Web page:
Note: Look for a photo gallery from National Night Out tomorrow on Patch.
The sirens blared through the parking lot of , as blue and red lights flashed. From behind the wheel of the car, amplified through the rooftop speakers, a surprisingly childlike voice rang out.
“Come out with your hands up! Step out of the car!”
After a minute of this, the speaker, all of six or seven, handed the microphone over to the next child waiting her turn, who took it with a giddy grin. A few paces away, the usual driver of that car, Officer Bob Kaleta, smiled and turned his attention back to the three kids asking him for freebies. He handed each of them a black eraser shaped like a police car.
This was the scene in the Foxmoor subdivision, on the village’s west side, during National Night Out on Tuesday evening. And the scene was mirrored all over the village, as residents took to the streets to send a message to criminals: don’t try it in our neighborhoods.
National Night Out, sponsored by the National Association of Town Watch, is a chance for communities to band together against crime, by meeting their neighbors and public servants.
“It’s a great event for the community to meet their police and fire departments,” Kaleta said.
But for the kids delightedly milling about the McDole Elementary parking lot, it was an opportunity to try out police and fire equipment, and get their pictures taken in the cab of a Sugar Grove Fire Department truck.
Across Route 30 at , kids had the same experience, only with the Oswego Fire Protection District’s vehicles. Firefighter Roberto Flores said it’s an opportunity for him to meet the community members he serves.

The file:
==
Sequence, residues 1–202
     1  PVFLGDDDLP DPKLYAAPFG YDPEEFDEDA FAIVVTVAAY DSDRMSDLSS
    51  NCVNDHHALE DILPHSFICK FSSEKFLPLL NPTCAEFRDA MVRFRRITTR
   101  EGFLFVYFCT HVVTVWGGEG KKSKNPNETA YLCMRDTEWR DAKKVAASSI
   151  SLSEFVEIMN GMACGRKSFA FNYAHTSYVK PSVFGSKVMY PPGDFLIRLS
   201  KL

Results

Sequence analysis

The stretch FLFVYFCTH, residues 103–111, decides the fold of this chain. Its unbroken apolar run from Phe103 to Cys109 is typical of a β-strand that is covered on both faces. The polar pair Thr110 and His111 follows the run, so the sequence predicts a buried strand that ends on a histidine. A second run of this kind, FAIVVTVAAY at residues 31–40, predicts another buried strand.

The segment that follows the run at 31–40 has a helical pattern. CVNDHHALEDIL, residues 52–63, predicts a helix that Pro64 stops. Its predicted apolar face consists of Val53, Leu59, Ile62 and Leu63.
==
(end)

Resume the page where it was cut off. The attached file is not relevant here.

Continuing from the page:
“The little ones are interested in the vehicles, and it’s a way to make sure they’re not scared of the vehicles, or of us, in a time of need,” he said.
No worries there: some of the kids, he said, asked him if they could take the truck out for a spin.
Further east, at Spencer Street and Melrose Avenue, the Aurora Township Fire Department had set up a portable grilling station, and handed out free hot dogs and drinks. Most of the food, Chief Robert Waterman said, was donated by local businesses.
And Lt. Dennis Shamblin, the department’s fire prevention officer, gave out smoke detectors and fire extinguishers, all donated by FirstAlert. Many people, he said, don’t seem to have enough smoke detectors: “You should have one for every bedroom,” he said.
While the nationwide event has been shown to make neighborhoods safer by bringing residents together, Montgomery Trustee Stan Bond, who organized Foxmoor’s event, gave another reason for National Night Out.
“It’s a way to say thank you to our police and firemen, to say we appreciate what you do,” he said. “They don’t hear ‘thank you’ enough.”